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Canadian companies seeking partners in Taiwan

TAIPEI, Taiwan -- Executives from three Canadian companies producing wearable devices are looking for strategic partners in Taiwan, the Canadian Trade Office in Taipei (CTOT) said Wednesday.

The Toronto-based Interaxon Inc., which specializes in software for non-invasive brain-computer interfaces; the Montreal-based Carre Technologies Inc., which makes the smart shirt Hexoskin; and the Toronto-based Laipac Technology Inc., a global positioning system tracking technology company, are seeking business and partnership opportunities with Taiwanese firms, the CTOT said on the sidelines of the annual COMPUTEX trade show.

The information and communications technology sector is one of the main drivers of economic growth and technological innovation in Canada's economy, said the trade office, which represents Canada's interests in Taiwan in the absence of diplomatic ties.

“Taiwan has a major concentration in technology and we're looking for partners in various categories, including entertainment, gaming, health and wellness, automotive and more,” Interaxon COO Derek Luke said at a press conference in Taipei.

The brain-sensing headband Muse can detect and measure brain activity and translate it into real-time data that can help people learn more about their minds to reduce stress, and improve memory and concentration, said Luke, who is looking for contract manufacturers and retail agents in Taiwan.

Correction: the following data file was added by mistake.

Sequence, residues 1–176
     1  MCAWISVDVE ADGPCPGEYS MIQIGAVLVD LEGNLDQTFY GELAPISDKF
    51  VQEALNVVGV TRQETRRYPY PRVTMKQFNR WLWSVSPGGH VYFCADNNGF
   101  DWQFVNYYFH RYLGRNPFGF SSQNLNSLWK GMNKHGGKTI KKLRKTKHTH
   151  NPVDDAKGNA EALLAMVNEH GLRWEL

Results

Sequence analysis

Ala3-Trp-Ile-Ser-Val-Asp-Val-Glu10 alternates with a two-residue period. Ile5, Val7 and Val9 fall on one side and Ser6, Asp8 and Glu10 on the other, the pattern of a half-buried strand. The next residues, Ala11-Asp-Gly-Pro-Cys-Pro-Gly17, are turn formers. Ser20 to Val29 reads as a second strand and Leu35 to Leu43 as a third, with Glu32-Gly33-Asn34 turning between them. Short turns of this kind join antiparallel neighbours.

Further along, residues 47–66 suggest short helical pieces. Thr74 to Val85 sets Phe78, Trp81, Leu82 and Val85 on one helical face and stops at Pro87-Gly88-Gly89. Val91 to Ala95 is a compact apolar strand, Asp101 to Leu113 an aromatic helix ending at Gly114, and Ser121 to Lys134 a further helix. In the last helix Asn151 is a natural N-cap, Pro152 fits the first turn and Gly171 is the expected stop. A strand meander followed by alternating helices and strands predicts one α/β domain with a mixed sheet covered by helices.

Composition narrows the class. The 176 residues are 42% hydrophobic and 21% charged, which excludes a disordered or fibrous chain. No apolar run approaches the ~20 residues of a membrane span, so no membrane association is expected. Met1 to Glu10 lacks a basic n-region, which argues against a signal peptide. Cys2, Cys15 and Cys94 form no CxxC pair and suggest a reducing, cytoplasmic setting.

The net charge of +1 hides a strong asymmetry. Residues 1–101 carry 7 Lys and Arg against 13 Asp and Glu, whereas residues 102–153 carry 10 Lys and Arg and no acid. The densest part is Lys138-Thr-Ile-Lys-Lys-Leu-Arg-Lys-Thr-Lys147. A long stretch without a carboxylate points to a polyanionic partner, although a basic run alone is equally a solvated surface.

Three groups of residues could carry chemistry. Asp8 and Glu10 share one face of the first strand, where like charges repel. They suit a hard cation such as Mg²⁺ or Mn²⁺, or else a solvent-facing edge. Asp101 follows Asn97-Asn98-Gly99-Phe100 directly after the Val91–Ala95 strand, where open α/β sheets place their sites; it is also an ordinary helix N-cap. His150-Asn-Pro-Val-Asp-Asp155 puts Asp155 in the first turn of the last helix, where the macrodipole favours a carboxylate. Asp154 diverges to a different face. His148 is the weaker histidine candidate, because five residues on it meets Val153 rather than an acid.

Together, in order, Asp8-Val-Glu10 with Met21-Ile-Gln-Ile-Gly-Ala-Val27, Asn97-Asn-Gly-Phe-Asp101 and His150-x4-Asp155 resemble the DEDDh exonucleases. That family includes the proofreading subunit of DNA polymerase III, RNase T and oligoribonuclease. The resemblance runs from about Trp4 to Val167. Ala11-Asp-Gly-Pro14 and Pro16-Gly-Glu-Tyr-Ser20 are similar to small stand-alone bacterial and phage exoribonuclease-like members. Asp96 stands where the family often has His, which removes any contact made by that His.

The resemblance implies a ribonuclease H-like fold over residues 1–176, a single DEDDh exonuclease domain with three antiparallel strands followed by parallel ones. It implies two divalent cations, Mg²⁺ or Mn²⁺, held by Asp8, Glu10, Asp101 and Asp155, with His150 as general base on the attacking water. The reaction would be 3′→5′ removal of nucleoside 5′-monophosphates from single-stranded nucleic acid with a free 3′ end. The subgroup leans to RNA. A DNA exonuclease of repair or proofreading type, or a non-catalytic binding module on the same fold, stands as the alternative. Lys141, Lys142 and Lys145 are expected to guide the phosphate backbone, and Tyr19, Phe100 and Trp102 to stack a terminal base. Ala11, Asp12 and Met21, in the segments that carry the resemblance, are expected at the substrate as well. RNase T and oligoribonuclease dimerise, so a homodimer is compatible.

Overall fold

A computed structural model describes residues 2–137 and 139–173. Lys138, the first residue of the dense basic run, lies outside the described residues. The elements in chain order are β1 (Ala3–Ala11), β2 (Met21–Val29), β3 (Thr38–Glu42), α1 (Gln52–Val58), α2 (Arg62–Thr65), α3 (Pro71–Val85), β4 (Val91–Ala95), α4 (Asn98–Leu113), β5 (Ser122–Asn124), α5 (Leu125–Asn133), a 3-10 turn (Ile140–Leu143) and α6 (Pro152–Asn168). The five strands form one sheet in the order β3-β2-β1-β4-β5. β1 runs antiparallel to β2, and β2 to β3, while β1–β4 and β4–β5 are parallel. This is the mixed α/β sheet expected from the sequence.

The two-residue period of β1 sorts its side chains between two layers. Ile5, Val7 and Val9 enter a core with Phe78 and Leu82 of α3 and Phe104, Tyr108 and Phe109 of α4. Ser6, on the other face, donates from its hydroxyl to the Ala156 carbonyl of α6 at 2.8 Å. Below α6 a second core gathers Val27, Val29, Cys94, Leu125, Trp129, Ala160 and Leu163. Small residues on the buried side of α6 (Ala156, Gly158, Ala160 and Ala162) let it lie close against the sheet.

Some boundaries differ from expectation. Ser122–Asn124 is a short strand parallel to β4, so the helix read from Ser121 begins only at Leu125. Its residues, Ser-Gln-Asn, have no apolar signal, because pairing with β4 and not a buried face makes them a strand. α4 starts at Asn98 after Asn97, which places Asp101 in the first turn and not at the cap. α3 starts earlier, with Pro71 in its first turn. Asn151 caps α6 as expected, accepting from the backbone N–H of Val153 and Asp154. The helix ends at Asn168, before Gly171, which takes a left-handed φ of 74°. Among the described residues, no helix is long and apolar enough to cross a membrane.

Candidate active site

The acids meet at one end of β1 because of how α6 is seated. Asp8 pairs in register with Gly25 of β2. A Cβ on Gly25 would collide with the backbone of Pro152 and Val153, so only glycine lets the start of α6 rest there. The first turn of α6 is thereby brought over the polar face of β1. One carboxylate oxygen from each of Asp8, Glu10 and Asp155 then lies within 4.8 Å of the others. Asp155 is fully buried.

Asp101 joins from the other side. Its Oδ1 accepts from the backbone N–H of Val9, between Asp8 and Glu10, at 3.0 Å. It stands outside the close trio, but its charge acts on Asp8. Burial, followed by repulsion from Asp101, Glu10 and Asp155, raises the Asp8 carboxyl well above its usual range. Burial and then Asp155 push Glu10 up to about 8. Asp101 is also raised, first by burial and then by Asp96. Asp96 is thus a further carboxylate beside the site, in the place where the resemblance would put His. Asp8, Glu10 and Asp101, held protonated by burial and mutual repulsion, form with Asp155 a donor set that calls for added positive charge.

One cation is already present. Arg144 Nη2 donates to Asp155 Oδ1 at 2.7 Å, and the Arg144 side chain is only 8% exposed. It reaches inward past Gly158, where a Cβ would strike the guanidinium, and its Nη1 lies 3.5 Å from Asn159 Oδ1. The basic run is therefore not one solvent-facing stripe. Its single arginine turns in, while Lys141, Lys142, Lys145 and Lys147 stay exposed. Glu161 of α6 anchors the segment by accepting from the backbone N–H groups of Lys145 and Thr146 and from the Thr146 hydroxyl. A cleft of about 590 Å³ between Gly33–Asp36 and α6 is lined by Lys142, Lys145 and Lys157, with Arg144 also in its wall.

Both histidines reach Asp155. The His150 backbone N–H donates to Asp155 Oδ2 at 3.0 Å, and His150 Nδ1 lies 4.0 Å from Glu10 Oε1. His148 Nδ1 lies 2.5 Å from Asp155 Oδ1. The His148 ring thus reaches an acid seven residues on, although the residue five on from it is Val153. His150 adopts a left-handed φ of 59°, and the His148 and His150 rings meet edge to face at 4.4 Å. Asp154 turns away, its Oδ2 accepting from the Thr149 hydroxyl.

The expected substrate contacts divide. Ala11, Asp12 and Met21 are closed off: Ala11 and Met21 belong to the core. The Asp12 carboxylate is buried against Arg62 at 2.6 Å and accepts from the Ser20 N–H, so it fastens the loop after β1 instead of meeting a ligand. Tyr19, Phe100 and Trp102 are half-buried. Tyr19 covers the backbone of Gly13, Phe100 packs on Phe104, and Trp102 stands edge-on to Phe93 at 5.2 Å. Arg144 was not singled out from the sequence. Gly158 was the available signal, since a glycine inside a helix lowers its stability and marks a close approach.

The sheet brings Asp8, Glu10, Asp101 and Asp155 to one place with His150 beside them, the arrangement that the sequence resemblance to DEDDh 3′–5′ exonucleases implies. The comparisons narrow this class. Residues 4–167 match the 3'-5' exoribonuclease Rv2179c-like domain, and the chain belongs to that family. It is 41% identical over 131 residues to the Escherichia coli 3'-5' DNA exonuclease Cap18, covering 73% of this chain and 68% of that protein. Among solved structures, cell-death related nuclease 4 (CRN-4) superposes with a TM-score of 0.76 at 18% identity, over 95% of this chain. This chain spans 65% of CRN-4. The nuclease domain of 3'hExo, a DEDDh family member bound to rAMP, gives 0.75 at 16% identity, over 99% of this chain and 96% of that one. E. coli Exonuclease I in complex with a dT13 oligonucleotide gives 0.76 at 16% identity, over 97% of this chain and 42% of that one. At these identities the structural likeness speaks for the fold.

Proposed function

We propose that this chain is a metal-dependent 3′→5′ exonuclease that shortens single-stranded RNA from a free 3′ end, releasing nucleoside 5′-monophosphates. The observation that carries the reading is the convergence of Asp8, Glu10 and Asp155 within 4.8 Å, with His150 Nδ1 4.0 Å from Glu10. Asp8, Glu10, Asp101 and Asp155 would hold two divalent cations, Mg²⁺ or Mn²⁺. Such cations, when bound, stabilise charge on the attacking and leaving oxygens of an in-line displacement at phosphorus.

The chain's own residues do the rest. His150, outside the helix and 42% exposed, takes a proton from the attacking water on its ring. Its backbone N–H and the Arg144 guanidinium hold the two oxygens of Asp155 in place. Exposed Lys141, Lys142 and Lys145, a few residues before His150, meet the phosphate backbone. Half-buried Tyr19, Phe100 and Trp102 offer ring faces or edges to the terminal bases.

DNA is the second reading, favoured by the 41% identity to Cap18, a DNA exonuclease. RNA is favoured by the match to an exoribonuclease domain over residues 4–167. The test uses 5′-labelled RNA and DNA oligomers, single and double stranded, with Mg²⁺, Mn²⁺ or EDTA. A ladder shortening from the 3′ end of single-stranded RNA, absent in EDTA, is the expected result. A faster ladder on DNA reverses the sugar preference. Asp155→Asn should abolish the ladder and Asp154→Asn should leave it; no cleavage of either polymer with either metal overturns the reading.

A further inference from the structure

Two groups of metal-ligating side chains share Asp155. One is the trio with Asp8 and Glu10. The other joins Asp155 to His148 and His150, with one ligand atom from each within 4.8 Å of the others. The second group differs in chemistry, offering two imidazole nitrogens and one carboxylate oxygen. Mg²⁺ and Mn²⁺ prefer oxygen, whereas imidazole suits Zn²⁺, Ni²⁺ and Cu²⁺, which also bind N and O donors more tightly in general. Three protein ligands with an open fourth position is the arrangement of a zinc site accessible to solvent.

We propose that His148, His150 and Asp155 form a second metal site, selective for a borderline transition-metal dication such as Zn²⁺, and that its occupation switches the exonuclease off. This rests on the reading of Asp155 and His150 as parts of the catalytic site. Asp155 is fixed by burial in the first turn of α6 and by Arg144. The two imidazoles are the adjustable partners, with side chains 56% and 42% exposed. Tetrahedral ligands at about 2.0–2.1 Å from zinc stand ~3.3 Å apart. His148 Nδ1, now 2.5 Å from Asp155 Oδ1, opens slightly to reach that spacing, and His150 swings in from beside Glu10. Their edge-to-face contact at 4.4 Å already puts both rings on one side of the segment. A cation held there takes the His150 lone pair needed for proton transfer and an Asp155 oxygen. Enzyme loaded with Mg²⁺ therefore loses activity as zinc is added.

Jean-Francois Roy, co-founder of Carre Technologies, is also looking for partners in the electronics industry for his smart shirt.

Unlike other smart shirts that can detect heart rate, Hexoskin can also monitor wearers' breathing rate and volume, Roy told CNA during a break in the press conference.

In addition, representatives of Laipac Technology also came to Taiwan to look for distributors and telecom operators for their personal tracking devices designed for the elderly and those with Alzheimer's disease.

Laipac CEO Diego Lai said he is also hoping to sell his company's parole-monitoring bracelets to Taiwan's Ministry of Justice.

COMPUTEX Taipei is being held at Nangang Exhibition Hall, Taipei International Convention Center and Taipei World Trade Center Exhibition Halls 1 and 3 from June 3-7.

The five-day computer show, the world's second-largest, features 1,710 exhibitors and is expected to draw over 130,000 visitors, including 38,000 international buyers, according to the organizers.

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Director of Trade and Investments at the Canadian Trade Office in Taipei Allan Edwards, left, poses for a photo with Laipac CEO Diego Lai, Interaxon COO Derek Luke and Carre Technologies co-founder Jean-Francois Roy at the COMPUTEX Taipei trade show in Taipei, yesterday. (CNA)

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